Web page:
Haas SMM2 w SMTC - Low air pressure after several tool changes. (Newb with questions)
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  1. #1
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    Default Haas SMM2 w SMTC - Low air pressure after several tool changes. (Newb with questions)

    Hi all. Just got a new-to-me 2010 SMM2 with a side mount tool changer. First real CNC machine for me, and first Haas. This machine will only be used for prototyping, no production.

    Machine just got set up and I'm starting to learn the controller but I've been running into a "low air pressure" alarm at some tool changes. I've searched this forum and others, watched the Haas videos on this alarm, and tried to do some debugging but I still have an issue (I think) so I'm wondering if anyone here has input.

    I'm using a model 10020DCAD air compressor by California Air Tools. The compressor is rated:
    - 2HP
    - 5.2 CFM at 90psi (I wrote CAT and they verified it would put out 4CFM at 100psi, per my machine's spec)
    - 10 gallon tank
    California Air Tools - The Largest Manufacture of Ultra Quiet, Oil-Free & Lightweight Air Compressors - CAT-10020DC

    The compressor is located in an attic space just outside of my shop and there's about 40~50' of 1/2" Rapid Air line running from the compressor to the machine. The max tank pressure is about ~130psi at shutoff, and the line pressure is regulated to 100psi. I've got the machine regulator set at 85~90psi per spec.

    Here's the issue. When I run a simple program of a series of eight changes one after the other (at 25% rapid) the machine gets through about 5~6 changes but then errors out with the low pressure alarm. On the last tool change before failure, the arm moves to the spindle and you hear an air venting sound but it just stays open. It hangs there like that for ~10 seconds and then alarms out. Will attach some pics of the various connections and video link below (note pic shows tank pressure only at 70psi - was during initial charge; it's set to fill to 130psi). It seems to get through 2~3 changes at 50% rapid.

    I originally had quick disconnects at the compressor and machine but I read those can be choke points so I've removed all of those. So, there is no restriction smaller than what's on the compressor or the machine regulator (I think both are 3/8"). Again, the air line itself is 1/2". I checked the filter in the machine's water trap to see if that was clogged but it appears to have been removed entirely (yes, I'll get a replacement) so obviously that's not impeding air flow. In the video you can see that the initial pressure is ~90psi, then during tool changes it's just over 80psi and drops momentarily to ~70 psi during the change. After a few tool changes I can hear the compressor kick on (kicks on ~90psi tank pressure) and that's when the tool change fails. So, it seems like the tool changes work when the machine is pulling from the compressor tank, but when the compressor is actively refilling the tool change fails.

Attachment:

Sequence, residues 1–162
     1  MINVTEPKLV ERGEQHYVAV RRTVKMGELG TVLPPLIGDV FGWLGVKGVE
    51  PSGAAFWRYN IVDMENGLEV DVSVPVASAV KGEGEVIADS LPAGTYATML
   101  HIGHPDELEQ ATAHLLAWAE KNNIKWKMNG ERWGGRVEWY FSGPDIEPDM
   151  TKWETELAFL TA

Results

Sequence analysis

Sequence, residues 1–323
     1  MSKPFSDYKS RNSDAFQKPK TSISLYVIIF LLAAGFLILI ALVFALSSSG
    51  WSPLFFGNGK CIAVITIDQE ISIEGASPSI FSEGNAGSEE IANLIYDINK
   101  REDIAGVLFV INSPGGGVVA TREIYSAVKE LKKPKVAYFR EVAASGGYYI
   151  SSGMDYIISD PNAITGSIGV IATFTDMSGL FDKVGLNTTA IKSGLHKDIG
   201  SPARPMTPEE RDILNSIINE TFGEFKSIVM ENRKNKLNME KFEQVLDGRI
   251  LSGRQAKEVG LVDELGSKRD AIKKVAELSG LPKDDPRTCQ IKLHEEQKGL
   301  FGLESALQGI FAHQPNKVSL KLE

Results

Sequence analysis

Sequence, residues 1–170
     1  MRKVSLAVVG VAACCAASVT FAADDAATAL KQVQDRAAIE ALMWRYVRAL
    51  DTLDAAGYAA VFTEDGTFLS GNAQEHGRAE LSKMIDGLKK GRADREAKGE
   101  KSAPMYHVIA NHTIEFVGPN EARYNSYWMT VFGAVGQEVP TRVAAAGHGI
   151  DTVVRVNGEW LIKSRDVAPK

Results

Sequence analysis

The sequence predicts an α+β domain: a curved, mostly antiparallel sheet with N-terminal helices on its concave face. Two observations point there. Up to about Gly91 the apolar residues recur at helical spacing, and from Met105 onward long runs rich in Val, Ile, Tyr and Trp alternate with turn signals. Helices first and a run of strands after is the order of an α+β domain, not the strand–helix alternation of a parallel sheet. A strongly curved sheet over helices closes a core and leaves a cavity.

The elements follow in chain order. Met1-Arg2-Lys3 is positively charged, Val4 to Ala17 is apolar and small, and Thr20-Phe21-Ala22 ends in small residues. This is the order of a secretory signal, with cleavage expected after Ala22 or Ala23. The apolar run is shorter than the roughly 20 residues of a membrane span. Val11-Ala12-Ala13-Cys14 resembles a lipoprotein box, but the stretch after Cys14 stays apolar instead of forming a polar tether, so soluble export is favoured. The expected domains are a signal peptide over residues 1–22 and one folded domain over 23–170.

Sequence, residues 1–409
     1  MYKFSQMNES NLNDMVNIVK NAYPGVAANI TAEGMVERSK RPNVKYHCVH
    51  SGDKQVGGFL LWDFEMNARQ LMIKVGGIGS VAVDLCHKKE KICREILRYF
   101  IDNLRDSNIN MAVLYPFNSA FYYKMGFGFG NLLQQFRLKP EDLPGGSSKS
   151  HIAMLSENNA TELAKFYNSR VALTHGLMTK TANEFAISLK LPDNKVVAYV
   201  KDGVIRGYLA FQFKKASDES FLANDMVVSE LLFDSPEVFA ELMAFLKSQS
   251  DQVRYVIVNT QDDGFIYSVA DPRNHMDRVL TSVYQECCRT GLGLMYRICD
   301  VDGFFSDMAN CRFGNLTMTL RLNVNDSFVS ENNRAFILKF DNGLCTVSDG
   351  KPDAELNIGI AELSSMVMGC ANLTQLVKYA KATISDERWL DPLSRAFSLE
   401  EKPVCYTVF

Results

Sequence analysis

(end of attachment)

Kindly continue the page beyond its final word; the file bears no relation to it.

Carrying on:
So, my questions are
    - Is this really an issue? I'm not sure when I'd ever do 8 tool changes in rapid succession but what worries me is that this is a sign of an air supply issue that may bite me in the middle of a program. Like, maybe I'm using the air gun to blow something off, which drains the tank to the recharge point and then, at that moment, if the machine calls a tool change it'll fail. Or, is something like this pretty unlikely?
    - If this is something to address is my issue the compressor or could it be a machine issue (pressure switch or something)? If the problem is the compressor, do I need something that can actively pump more air (more HP), something with a bigger tank, or both?
    - I've read about others adding a second "accumulator" tank at the machine to address low pressure issues. Do you think this would do it? And if so, where should that accumulator tank go - before or after the machine regulator? How big an accumulator would you recommend?

    I thought I'd read of others with mini mills that were using even smaller compressors successfully, so I'm a bit surprised but this issue. Thanks for any input! Looking forward to making chips with this machine.

    2019-04-10-15.43.16.jpg
    2019-04-10-15.42.59.jpg
    2019-04-10-15.41.02.jpg
    haas-air-manifold-machine.jpg
    https://miks.smugmug.com/Haas-stuff/...tuff/i-r6Lh3QP

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    only thing I can say is trash the POS air compressor and buy one with a bigger tank and more HP.
    you got 20k-40k+ tied up in the mill and tooling yet you have a bicycle pump for a compressor.

    A compressor is the heart of your machine,

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    you need a air tank right at the machine, I found little 8 gallon tanks on ebay for like $60 that are made for cars,, I run air hoses to them then put 1/2" PEX pipe between them and the machine ,,, My vf4ss alarmed out tell I added the extra tank ... the tool changer need a LOT of air fast and a long air hose just cant keep up ,,, your compressor should be fine in that I can run 3 Haas mills off a little 3/4HP Emglo compressor and have done it for years.

    Any tank well work at the machine but the small car tanks are short so you can put them under the right hand side of the machine.

    ( even if you go to a bigger compressor your still going to need the tank at the machine so try it first with your small pump)